Think of a glacier as a water reservoir in solid form. We count on glaciers — in particular Washington’s states perpetual ice sheets in the Cascade and Olympic mountain ranges — to feed rivers and reservoirs during summer months of melt with the understanding that winter snows will replenish them and provide an insulating blanket of snow to slow their melt.
Climate change — caused by an increase in the emissions of carbon dioxide and other greenhouse gases — however, has interrupted that cycle, increasing temperatures and changing weather patterns that deposited enough snow in the fall and winter to make up for what melted in the spring and summer.
Glaciers are fighting an increasingly warming planet. The National Oceanic and Atmospheric Administration reported this July as the hottest month ever recorded, with record warmth shrinking Arctic and Antarctic sea ice to historic lows. In 140 years of record-keeping, it was the hottest July on record, with the previous hottest July in 2016. July also marked the 415th consecutive month of above-average global temperatures.
Alaska had its warmest July since it began keeping records in 1925, and South America and Africa reported their warmest July on record; recall that July falls in winter in the Southern Hemisphere.
Climate change, then, is making withdrawals on an unbalanced checkbook; glaciers worldwide are losing more than they’re taking in. And the melt is accelerating.
Montana’s Glacier National Park, for instance, had 35 named and active glaciers when it was created in 1966. A year short of the park’s 50th anniversary, only 26 named glaciers remained, having lost a combined area of 39 percent, though individual glaciers have lost as much as 85 percent of their area as of 2015.
Iceland, last week, held a memorial service for a glacier, Okjokull, which once stretched six square miles but officially lost its status as a glacier in 2014. A plaque was placed to memorialize the first loss of a glacier in Iceland, the North Atlantic island nation that shares an approximate latitude with Nome, Alaska. The monument is meant as a message to the future: “This monument is to acknowledge that we know what is happening and what needs to be done. Only you know if we did it.”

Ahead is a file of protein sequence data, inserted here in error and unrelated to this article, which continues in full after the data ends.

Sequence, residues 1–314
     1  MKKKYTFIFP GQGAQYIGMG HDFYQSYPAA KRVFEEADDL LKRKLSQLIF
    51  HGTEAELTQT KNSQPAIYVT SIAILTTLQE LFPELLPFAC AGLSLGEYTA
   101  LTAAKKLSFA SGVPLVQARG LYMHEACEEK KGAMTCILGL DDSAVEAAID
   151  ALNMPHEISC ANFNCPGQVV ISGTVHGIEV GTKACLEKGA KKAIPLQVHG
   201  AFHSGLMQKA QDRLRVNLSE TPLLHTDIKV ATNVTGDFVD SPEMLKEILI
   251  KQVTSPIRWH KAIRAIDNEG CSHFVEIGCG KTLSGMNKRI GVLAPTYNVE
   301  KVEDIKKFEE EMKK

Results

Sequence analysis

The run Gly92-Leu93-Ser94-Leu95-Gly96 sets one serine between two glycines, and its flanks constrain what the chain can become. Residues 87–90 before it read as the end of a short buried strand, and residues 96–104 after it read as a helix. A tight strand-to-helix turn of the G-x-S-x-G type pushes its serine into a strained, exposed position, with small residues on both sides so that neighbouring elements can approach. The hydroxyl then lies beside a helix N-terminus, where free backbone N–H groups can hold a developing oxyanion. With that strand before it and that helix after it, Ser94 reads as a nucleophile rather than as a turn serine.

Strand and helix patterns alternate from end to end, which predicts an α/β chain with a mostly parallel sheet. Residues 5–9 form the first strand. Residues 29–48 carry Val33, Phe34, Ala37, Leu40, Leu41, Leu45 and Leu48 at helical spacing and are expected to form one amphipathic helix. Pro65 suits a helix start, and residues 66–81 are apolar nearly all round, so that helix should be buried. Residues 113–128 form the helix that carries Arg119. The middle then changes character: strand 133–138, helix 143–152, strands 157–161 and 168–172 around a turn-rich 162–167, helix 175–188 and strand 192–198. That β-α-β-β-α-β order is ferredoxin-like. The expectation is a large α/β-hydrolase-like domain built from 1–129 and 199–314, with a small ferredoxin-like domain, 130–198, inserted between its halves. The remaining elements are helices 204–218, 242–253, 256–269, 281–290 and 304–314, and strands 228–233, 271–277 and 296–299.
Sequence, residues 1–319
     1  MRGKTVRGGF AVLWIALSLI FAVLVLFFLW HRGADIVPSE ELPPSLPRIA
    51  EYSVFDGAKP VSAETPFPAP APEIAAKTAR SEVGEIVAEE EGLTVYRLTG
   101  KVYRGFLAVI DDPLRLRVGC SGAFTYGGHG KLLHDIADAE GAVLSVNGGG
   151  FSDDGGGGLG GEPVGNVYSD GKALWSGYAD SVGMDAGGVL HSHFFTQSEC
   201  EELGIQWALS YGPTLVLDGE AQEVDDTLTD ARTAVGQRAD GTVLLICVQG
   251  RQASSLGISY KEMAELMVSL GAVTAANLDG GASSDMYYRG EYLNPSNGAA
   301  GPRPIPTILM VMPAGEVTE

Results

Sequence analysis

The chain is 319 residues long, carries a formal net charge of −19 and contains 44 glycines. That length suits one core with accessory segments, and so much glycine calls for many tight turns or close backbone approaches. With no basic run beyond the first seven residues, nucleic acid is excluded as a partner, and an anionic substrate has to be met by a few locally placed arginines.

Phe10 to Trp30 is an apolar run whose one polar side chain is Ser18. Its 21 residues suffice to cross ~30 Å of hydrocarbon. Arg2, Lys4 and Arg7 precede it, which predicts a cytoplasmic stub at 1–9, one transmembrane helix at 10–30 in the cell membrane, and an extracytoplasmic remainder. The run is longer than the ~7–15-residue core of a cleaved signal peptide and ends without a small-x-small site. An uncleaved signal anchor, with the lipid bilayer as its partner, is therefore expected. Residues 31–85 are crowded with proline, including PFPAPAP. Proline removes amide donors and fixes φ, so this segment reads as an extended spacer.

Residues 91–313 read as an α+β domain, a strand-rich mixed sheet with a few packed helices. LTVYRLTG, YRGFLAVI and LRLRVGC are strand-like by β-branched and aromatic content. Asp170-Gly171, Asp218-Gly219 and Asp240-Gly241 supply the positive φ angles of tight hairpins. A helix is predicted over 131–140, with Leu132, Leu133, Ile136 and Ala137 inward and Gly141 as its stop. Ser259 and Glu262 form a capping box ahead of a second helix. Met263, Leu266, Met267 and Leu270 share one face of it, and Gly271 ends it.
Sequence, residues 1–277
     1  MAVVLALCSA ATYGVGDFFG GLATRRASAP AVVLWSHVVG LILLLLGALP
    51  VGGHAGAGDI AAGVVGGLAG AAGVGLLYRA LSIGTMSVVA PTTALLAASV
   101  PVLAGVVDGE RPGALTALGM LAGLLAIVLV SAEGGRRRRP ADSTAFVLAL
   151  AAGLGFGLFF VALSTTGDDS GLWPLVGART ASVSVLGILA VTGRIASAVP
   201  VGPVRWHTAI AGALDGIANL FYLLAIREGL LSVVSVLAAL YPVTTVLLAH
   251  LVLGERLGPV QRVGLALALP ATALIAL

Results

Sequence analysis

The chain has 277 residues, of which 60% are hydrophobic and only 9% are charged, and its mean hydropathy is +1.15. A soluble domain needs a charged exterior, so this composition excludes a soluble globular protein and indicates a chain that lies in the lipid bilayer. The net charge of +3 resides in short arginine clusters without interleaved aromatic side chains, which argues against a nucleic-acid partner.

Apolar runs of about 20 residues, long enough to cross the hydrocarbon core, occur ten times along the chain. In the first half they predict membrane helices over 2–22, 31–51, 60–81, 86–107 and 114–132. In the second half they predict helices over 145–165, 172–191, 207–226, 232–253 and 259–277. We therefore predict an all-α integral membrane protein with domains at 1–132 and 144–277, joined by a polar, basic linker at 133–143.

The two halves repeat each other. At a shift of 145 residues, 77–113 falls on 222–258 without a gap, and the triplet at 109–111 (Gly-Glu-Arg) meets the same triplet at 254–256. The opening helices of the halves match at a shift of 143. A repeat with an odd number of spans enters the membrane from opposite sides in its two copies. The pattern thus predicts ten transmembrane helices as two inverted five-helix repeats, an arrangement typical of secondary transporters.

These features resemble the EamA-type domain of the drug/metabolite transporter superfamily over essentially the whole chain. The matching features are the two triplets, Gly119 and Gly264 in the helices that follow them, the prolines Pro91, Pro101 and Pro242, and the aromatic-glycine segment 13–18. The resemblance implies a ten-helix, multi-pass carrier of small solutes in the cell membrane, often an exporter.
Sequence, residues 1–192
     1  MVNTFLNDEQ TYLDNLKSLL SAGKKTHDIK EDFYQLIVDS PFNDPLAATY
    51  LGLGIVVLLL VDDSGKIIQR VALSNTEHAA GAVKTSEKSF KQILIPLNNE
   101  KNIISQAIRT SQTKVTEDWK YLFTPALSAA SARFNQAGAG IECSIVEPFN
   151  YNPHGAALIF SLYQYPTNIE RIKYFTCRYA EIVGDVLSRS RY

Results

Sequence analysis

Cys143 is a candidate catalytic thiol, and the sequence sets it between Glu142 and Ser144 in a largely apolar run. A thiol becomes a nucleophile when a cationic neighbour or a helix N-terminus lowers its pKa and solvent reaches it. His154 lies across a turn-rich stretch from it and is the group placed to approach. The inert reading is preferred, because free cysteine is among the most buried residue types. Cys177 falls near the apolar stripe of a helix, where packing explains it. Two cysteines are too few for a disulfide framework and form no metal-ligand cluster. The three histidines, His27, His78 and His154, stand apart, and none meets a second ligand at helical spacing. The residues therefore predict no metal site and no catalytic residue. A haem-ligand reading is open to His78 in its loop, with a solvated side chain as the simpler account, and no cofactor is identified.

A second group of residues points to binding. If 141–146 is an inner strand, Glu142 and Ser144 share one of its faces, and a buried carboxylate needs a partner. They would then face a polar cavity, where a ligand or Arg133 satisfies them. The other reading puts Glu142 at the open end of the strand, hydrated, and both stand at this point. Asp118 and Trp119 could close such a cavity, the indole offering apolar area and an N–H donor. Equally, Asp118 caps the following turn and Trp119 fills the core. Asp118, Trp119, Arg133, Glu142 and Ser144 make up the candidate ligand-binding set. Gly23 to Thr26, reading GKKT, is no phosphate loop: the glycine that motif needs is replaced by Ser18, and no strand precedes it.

Here in Snohomish County, a researcher continued his work, first started in 1984, to track the slow-motion disappearance of the Columbia Glacier, located northeast of Index and above Blanca Lake in the Okanogan-Wenatchee National Forest’s Henry M. Jackson Wilderness.
The Herald’s Zachariah Bryan recently hiked with glaciologist Mauri Pelto for his annual check on the glacier that has the distinction of being the lowest-elevation glacier of its size in the North Cascades. Pelto, a professor of environmental science at Nichols College in Massachusetts, has chronicled Columbia and nine other area glaciers as part of the North Cascades Glacier Climate Project.
The glacier’s diagnosis isn’t good: “This glacier won’t survive this climate period,” Pelto told Bryan.
In the 36 years that he has studied this and other glaciers in the Cascades, Columbia has lost a third of its mass and its depth has thinned by 80 feet. And the loss is accelerating; 40 feet of that loss in depth has happened in the past 10 years. Pelto expects the glacier to retreat by six feet this summer, making it the second- or third-highest year for melt loss since he began tracking the glacier’s health.
Columbia has a matter of decades left before it joins Okjokull. And all 10 of the glaciers Pelto has studied here are showing a steady recession that tracks with the global retreat of glaciers.
Why worry about melting ice?
During summer months, as with other glaciers, Columbia contributes up to 25 percent of the flow for the Skykomish River Basin, helping to cool streams and the river and keeping their levels high enough for salmon.
And while Columbia doesn’t feed Spada Lake, the water reservoir for Everett and Snohomish County, it’s just miles from the glacier and shares a similar climate.
Spada Lake provides about 53 million gallons of water a day to some 627,000 people, about 75 percent of Snohomish County.
The most recent “water situation fact sheet” from the Everett Public Works Department reported that even with a normal year for the snowpack that feeds Spada and Chaplain reservoirs, reservoir inflows are below normal for this year.
Average annual precipitation at Spada’s Culmback Dam is 162 inches. While 182 inches fell in 2018, providing 113 percent of normal precipitation, only 56.2 inches — 63 percent of normal — has been recorded in 2019, Jan. 1 through July 31.
The fact sheet says the water supply outlook is “adequate” for the rest of the year. In the absence of any precipitation, there are about four-and-a-half months of supply within Spada Lake and another four months at Chaplain.
It will rain again, of course, but for how many more decades can we count on glaciers to provide the water that was banked centuries ago to augment rivers and reservoirs in future springs and summers?
As a low-elevation glacier, Columbia can’t be saved. But if it is the first Cascades glacier to get its own funeral, it should also be the last.